Giant Meat Companies Are Actually the Perfect Home for Fake Meat

Here’s what Tyson’s takeover of Beyond Meat says about our changing appetites.

<p><a href="" target="_blank">Anna_Shepulova</a>/iStock</p>

Tyson Foods, the globe’s largest meat company, already knows how to create a “burger that bleeds.” After all, its vast slaughterhouses churn out nearly a quarter of all the beef produced in the United States. On Monday, the company announced it had bought a 5 percent stake in Beyond Meat, which has generated massive hype with its meatless burgers that bleed beet juice, not cows’ blood.

“Who better to make meat analogs than meat processors themselves?”

The Humane Society of the United States, which has often clashed with Tyson in recent years over animal welfare issues, also invested in Beyond Meat’s latest round of financing, reports Stephanie Strom in the New York Times. (Here‘s a video that HSUS posted in 2013 showing what it called, with good reason, “shocking animal cruelty” at a hog facility that supplies Tyson.)

So what to make of this meat giant joining one of its animal-welfare critics in investing in the company that’s rapidly becoming the most famous US purveyor of meatless analogs?

To me, it represents capitalism at work. Tyson ultimately exists not to make meat but rather to make money for its shareholders. It’s a massive global player, and global meat consumption is rising. But so is interest in plant-based meat and dairy substitutes. That industry reached $4.9 billion in US sales last year, and it’s growing at an annual rate of 3.5 percent, about double the overall food industry’s growth rate, according to the food industry tracker SPINS.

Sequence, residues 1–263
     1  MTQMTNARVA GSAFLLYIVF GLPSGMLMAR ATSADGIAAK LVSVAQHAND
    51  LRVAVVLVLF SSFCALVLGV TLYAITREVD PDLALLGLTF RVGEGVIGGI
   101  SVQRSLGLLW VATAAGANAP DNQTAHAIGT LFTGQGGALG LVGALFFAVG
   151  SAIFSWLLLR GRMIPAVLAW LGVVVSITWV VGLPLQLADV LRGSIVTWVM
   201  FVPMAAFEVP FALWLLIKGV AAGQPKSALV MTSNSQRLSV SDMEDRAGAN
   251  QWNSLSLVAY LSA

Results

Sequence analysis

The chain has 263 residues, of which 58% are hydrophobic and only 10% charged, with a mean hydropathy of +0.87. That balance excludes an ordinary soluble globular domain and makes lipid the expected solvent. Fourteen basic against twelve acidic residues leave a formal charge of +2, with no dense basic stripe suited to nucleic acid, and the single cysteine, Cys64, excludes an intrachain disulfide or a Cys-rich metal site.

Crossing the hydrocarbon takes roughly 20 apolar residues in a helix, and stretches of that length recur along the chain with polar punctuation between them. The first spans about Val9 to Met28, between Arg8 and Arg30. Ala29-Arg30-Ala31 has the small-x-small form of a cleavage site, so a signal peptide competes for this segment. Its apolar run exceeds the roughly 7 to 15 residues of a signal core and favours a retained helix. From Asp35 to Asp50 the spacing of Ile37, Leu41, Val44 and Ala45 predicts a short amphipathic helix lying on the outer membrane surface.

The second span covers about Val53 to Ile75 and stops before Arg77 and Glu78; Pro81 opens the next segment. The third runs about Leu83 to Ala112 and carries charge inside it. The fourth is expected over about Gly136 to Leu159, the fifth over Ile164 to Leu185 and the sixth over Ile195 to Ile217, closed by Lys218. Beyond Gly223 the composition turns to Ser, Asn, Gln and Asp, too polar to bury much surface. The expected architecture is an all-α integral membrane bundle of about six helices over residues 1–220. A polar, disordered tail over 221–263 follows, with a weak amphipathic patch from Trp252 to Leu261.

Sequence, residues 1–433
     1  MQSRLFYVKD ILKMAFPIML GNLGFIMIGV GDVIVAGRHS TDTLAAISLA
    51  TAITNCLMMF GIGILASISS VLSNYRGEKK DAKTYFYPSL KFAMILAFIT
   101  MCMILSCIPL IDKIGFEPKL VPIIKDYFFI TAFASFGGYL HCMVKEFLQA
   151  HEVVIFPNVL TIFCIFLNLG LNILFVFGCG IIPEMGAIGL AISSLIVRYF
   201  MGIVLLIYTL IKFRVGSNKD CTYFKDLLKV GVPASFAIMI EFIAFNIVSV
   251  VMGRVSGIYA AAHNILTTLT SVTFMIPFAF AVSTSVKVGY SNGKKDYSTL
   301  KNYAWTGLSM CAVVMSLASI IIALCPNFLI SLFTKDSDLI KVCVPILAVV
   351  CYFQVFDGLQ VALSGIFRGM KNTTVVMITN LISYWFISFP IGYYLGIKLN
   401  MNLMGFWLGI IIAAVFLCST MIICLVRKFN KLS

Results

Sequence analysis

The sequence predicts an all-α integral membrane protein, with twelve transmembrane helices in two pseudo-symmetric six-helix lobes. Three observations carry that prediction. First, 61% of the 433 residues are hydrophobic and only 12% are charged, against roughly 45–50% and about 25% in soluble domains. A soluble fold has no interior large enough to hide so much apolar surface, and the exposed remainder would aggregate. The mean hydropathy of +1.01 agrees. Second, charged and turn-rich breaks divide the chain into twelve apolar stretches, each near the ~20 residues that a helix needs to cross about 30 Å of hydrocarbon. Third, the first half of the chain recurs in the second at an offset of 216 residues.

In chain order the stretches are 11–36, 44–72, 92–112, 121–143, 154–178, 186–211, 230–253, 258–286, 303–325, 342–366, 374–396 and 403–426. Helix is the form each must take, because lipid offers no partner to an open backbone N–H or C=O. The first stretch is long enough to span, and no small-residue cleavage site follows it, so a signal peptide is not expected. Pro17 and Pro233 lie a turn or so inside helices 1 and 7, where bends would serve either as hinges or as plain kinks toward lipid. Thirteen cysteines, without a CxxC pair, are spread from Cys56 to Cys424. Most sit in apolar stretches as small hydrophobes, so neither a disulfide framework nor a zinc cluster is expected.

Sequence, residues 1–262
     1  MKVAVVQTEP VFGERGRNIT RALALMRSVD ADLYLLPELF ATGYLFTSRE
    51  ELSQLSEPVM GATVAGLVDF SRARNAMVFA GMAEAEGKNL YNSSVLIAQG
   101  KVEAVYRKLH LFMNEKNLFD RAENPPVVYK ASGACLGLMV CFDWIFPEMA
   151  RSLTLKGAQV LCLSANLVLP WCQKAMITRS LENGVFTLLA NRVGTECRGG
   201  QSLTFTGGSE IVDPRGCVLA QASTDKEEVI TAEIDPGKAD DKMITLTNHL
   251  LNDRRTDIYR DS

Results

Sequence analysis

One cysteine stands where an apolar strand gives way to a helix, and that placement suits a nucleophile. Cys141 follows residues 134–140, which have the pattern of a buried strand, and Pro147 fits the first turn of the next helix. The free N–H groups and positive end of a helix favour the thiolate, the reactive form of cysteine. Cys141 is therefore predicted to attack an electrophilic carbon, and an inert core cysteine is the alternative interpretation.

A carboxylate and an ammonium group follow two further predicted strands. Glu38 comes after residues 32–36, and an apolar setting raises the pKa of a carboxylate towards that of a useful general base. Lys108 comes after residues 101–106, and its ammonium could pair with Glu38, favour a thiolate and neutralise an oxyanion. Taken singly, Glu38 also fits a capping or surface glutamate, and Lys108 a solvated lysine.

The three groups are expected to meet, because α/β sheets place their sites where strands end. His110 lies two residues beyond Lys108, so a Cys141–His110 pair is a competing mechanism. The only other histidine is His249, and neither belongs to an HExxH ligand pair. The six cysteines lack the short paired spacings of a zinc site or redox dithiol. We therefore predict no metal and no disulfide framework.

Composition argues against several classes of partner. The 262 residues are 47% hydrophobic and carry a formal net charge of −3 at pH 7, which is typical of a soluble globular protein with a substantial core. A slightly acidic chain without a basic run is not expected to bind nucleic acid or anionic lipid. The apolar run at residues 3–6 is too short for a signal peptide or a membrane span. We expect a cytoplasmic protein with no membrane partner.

It doesn’t surprise me at all that Tyson, which has seen its profits soar lately, would want a taste of that market. The Times‘ Strom reports that the move marks the first time a big meat company has invested in a fake-meat firm. My question is: What’s taken so long? Four years ago, meat-industry trade journalist Bryan Salvage raised the question, “Who better to make meat analogs than meat processors themselves?” and added, “I’m waiting for meat analogs to be launched by such heavy industry hitters as Tyson, Smithfield, Cargill and Hormel.”

Back in June, in a piece on another animal-free meat startup called Impossible Foods, the investment website Seeking Alpha speculated that if the company succeeds at a large scale, the meatless-burger market “might be something to watch for meat giants such as Cargill, Tyson Foods, JBS, and National Beef Packaging Company.” It added that Big Food players General Mills and Kellogg are “already active in the frozen veggie burger category.” General Mills, in fact, is already an investor in Beyond Meat.

I have no doubt that Big Food, including its meat-processing arm, will figure out how to cash in on your burger habit—whether you prefer it be made of cow flesh or processed peas.


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